What It’s Like When Secondary Issues Impact Your Chronic Illness
One of the things about having fibromyalgia and chronic pain is that you are battling a silent, invisible war within your body every minute of the day. Some days are better than others. Some days are unbearable. As you navigate the illness, you learn what the impacts of different activities are on your ability to function as close to “normal” as you can. You find a routine that works and you learn to make adjustments as needed.
Then one day you wake up and a secondary issue has emerged. You are left dealing with you underlying, chronic illness and now you have
another battle to tackle. It could be the flu. It could be an injury. Now you have to figure out how to manage those symptoms along with your chronic illness.
For me that happened in the form of a fall that left me with a torn tendon in my wrist. Luckily for me, it is in my non-dominate wrist, but it has impacted me more than I think I expected.
Since getting diagnosed a few years back, I have had colds and the flu and have dealt with them as they cropped up. They took me down harder than I believe that they would have before my illness, but I figured out how to handle them — I slept and slept and slept. I took the time I needed to just recover, and it was easier because nobody bats an eye when you have nasty snot and you sound miserable from those symptoms.
Now, however, I am finding it harder. Why would a wrist injury cause me to be so run down all of the time? Why are my flares worse in other areas of my body when my wrist is the issue?
Here’s my theory:
My body is already fighting a war — daily. I’ve now asked it to fight an additional attack on a different front, one to heal a pretty decent injury. It can only do so much and something has to give. The acute issue becomes the focus and the ongoing one takes a backseat, leaving it to grow and fester in the background. Flares increase. Exhaustion increases.
With the pain of the injury and the ongoing process of therapy, mixed with braces to help protect it and steroid shots to aid in healing, things like sleep also take a hit. So now my body is trying to heal an injury and my already struggling sleep situation is magnified and increased, impacting my fibro.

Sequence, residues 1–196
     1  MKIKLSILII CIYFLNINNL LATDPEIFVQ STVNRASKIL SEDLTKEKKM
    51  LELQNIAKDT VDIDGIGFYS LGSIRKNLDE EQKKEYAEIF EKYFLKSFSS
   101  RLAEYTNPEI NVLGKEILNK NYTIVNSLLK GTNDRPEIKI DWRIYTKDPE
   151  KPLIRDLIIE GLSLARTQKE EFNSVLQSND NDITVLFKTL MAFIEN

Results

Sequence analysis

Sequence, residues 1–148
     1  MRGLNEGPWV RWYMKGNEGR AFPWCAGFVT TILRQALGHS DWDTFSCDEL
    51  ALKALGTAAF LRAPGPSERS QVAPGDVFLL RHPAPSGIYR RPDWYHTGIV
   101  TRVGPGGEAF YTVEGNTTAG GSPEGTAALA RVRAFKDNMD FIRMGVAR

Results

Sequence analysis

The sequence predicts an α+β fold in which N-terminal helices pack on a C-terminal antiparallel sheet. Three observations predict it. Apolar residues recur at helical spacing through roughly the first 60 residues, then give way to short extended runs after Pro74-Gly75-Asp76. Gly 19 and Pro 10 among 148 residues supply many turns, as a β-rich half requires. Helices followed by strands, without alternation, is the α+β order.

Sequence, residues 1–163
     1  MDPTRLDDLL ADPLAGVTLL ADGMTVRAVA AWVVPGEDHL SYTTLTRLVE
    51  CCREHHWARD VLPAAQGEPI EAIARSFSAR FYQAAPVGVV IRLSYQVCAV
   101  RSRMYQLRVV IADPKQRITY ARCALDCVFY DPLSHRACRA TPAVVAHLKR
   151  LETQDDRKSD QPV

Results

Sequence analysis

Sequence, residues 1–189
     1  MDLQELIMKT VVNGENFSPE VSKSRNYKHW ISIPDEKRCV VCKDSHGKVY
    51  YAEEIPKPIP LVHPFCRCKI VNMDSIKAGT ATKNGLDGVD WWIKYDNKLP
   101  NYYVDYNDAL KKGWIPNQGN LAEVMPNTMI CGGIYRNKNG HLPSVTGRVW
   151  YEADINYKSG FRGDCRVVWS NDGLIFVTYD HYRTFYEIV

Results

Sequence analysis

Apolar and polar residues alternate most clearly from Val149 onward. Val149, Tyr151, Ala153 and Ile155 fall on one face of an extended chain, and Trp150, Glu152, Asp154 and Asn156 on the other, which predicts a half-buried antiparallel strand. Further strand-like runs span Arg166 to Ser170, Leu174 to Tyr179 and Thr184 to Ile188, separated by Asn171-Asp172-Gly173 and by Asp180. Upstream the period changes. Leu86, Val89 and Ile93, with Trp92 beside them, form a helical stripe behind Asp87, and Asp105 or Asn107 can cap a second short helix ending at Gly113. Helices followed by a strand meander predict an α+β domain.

So the question becomes, what can we do when we take a hit like this?
My best answer is to rest and focus on healing the acute issue. I’ve been dealing with mine for seven months now, and just this week they put me on restricted work. I’ve pushed through up until now, working my full time job, plus doing my side hustle as an artist. I am raising two teenage boys (yikes!) and running a household. Then I got another shot of steroids and a very restrictive brace on my wrist, making manual work impossible for the next six weeks. Do I want six weeks off of work? No. Can I afford it? Definitely not. But will it impact my overall health? I think it will.
I may be dealing with the additional stress of not working, plus I have that lingering thought in my head that my body continues to betray me and the feeling of total “uselessness” is not fun either, and yet…
I rested yesterday and I am forced to not do daily household tasks on top of my work tasks. It is a forced “time out.” I’ve been put in the penalty box, and while I am not happy about it in several ways, I believe it is actually the best thing that could’ve happened.
I am forced to heal and to take care of myself in a way that I haven’t done — ever. The pain in my wrist is enough that, with the brace (a glorified immobilizing cast I can take off to shower), I am deterred from even trying to do things. It reinforces the need to say “no” to things and to ask for help (which I hate doing with a passion).
Will my wrist be better in six weeks? I don’t know, but I hope so. Will my overall health be better in six weeks? Maybe. Is it easy or fun? No. (Well, OK, maybe on days when I can just binge watch something on Netflix it can be, but that will grow old.)
As of today, I am hopeful. Hopeful that this forced break will help heal more than just my wrist, it will heal some of the other underlying issues and struggles that I have. It won’t take my illness away, but maybe it will help me to gain some perspective and some energy in order to better deal with it. Maybe, just maybe, this secondary injury will be the lesson I have been missing and at the end of the time out I will have a whole new perspective on my health, my body and my mindset. And, if not, I can at least feel confident in knowing that I have seen every episode of Game of Thrones, twice.
Getty image via sam thomas.